Softness of Bodies, a Fresh Dark Comedy About Narcissism


written by Sam Kolesnik


In Jordan Blady’s new dark comedy, Softness of Bodies, Dasha Nekrasova stars as Charlotte Parks, a narcissistic poet aspirant from America bumming around the Berlin art periphery.

Charlotte bikes through the gorgeously lit Berlin streets from one pretentious poetry reading to the next. A gang of creative misfits, including ex-boyfriend and erotic photographer, Oliver (Morgan Krantz), scramble in orbit around Charlotte’s unmovable selfishness. When Charlotte is faced with jail time for her shoplifting habit, she embarks on a callous spree of manipulation to avoid any consequences for her actions.

The comedy in Softness of Bodies is acutely dark, the kind of humor that yields ‘in on the joke’ smirks more than outright laughter. The comedic beats especially land during moments when Blady focuses on the inherent comedy of artistic circle jerking. A great example is a scene where submissive poet, Nathan (played memorably by Matthias Renger), reads aloud his poem about an owl in the moonlight. Charlotte, the object of his unrequited affection and whom he doubtlessly hopes to impress, pokes holes in his work with disdain. The other poets’ reactions to Charlotte’s etiquette breach are hilarious as they try to answer for Nathan, finding ways to restore the implied and much preferred equilibrium of ‘we don’t criticize each other’s work here’. If you’ve ever been in any kind of insular community, the palpable discomfort around criticism of the in-group will feel relatable and cathartic.

Dasha Nekrasova as Charlotte Parks

Dasha Nekrasova as Charlotte Parks

Charlotte’s monstrous narcissism far outsizes her actual ambition. She works as a coffee barista and shares a flat with savvy roommate, Remo (Johannes Frick), while she tries to get her poetry career off the ground. In lieu of hard work, Charlotte frequently opts for stealing. Thievery is such a big component of her life that there’s not much Charlotte possesses that she’s actually earned. From her shoplifted fashion to her plagiarized poetry, Charlotte seems content to profit from the work of others while still expecting to be recognized as an accomplished artist.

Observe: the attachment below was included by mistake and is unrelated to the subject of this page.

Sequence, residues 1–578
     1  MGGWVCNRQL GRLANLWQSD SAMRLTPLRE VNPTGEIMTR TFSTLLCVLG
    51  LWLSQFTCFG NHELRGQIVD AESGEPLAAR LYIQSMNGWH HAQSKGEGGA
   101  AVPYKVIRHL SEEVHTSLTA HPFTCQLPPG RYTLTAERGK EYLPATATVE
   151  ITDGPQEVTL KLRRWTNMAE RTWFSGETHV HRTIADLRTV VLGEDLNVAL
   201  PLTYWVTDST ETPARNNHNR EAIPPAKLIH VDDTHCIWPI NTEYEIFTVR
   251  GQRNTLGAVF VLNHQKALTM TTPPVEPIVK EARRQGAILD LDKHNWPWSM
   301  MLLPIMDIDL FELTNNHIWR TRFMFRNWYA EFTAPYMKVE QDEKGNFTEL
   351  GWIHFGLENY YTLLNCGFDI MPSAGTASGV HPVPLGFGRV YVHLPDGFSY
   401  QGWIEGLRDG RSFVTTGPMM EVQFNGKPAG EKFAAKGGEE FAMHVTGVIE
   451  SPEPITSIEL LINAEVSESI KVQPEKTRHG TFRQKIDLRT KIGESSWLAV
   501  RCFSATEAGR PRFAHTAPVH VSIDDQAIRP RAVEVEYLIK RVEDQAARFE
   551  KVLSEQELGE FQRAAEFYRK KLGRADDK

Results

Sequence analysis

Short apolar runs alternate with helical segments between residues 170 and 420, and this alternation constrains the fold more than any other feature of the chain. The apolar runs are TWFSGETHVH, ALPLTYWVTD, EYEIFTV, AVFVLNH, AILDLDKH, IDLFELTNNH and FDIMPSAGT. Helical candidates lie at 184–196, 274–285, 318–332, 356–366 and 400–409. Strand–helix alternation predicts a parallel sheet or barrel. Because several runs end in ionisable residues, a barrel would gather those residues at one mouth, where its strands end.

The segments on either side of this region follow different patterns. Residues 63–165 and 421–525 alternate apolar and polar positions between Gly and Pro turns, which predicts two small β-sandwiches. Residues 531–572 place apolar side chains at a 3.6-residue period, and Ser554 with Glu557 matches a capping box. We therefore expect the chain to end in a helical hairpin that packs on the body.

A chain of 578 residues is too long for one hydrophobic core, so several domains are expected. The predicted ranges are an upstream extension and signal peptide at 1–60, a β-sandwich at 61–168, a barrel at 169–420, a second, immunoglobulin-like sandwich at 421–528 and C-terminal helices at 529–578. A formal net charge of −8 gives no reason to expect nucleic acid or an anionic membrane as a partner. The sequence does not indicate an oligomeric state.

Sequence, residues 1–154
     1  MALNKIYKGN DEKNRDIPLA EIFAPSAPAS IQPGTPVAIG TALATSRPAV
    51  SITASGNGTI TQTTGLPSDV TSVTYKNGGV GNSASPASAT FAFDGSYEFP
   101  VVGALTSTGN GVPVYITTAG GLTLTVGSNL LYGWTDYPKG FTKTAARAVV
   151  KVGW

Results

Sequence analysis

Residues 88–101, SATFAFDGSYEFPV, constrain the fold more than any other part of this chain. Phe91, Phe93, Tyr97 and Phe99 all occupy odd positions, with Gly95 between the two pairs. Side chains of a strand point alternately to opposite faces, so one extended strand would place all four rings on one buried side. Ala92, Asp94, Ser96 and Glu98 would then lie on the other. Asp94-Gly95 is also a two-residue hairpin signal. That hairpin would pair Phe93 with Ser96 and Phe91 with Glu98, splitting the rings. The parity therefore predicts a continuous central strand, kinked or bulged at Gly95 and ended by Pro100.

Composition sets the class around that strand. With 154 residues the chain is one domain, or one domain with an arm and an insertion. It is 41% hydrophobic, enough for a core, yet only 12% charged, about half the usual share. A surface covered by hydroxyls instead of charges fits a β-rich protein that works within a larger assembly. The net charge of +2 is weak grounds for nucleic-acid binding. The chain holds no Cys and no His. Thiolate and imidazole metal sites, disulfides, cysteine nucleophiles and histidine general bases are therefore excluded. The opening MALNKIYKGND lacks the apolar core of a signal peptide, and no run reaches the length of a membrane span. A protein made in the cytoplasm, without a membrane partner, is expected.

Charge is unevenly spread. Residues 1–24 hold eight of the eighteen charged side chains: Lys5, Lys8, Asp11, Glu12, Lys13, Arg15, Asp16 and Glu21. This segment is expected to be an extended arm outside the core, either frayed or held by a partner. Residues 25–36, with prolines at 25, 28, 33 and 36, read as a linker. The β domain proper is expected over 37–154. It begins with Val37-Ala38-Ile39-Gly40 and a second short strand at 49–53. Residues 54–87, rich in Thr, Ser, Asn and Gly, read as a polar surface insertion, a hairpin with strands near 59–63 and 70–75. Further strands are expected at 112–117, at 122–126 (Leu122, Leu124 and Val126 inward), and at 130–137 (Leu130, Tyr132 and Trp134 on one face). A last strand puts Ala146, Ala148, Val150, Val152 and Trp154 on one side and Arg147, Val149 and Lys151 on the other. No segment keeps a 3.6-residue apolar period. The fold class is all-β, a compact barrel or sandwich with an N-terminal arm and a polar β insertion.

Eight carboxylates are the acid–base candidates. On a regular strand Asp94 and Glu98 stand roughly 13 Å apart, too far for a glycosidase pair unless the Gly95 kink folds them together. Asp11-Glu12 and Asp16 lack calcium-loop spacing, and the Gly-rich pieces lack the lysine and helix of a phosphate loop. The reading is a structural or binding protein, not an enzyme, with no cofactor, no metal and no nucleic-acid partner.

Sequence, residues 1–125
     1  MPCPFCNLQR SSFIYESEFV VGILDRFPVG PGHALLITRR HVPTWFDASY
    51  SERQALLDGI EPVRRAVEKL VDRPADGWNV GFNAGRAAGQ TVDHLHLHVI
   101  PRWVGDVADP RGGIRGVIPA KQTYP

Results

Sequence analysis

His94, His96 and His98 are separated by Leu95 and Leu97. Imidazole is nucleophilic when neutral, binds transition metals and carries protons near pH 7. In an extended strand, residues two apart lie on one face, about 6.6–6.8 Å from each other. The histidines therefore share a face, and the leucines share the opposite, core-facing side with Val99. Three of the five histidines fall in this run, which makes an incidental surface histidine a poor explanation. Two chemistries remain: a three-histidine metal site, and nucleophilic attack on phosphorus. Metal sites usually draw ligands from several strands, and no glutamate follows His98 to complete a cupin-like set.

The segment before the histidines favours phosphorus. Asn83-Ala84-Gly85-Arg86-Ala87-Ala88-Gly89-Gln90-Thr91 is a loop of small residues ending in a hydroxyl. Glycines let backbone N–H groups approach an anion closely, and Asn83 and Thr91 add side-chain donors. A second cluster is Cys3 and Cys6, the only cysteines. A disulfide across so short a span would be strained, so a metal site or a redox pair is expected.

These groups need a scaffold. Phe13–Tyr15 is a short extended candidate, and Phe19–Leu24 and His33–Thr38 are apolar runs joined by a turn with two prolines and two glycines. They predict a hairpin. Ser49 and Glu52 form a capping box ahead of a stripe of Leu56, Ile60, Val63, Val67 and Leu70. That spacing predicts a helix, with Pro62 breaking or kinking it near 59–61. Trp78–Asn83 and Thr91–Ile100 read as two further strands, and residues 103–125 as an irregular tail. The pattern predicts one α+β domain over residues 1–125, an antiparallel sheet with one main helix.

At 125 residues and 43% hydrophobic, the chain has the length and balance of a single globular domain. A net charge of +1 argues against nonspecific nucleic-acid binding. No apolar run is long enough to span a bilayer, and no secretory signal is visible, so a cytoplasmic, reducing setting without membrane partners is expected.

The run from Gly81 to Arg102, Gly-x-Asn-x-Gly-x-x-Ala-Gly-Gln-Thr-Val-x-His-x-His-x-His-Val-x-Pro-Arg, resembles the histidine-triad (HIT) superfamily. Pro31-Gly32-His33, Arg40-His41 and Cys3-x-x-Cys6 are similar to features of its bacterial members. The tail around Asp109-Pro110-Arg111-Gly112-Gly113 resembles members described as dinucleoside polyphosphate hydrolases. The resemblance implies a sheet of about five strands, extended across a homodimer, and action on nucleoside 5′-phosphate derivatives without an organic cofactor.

Johannes Frick (left) as Remo and Morgan Krantz (right) as Oliver

Johannes Frick (left) as Remo and Morgan Krantz (right) as Oliver

Johannes Frick has a charismatic turn as Charlotte’s roommate, Remo, and should be commended for the subtlety of his performance. Remo provides a bit of audience relief as he aims a knowing eye at Charlotte during her self-absorbed banter. There are nuanced moments where we can see that Remo sees more about Charlotte’s dysfunctional personality than Charlotte does. Such is the case during a scene where Charlotte rudely interrupts Remo and his boyfriend while they are sharing a meal. The private glances Remo shares during this exchange serve as a clever wink to the audience, as if to confirm our own feelings about Charlotte’s supreme unlikability.

Jordan Blady’s writing is smart and layered. As the film progresses, we see Charlotte’s journey move from relatively harmless self-absorption to something far more sinister. Dasha Nekrasova commits fully with Charlotte’s complete lack of empathy coming across in every exchange and expression. Aided by Christian Huck’s beautiful cinematography and Dasha Nekrasova’s convincing performance, Blady has created a complex and thought-provoking film about the intersection of narcissism and art. There are no heroes in Softness of Bodies --  only the scene with all its accompanying pretension, ego, sex and lies.

Softness of Bodies will be released on major digital streaming platforms on April 30th, including Amazon, Vimeo on Demand, Vudu, Fandango, and more.

Images used in this review were provided courtesy of TriCoast Worldwide.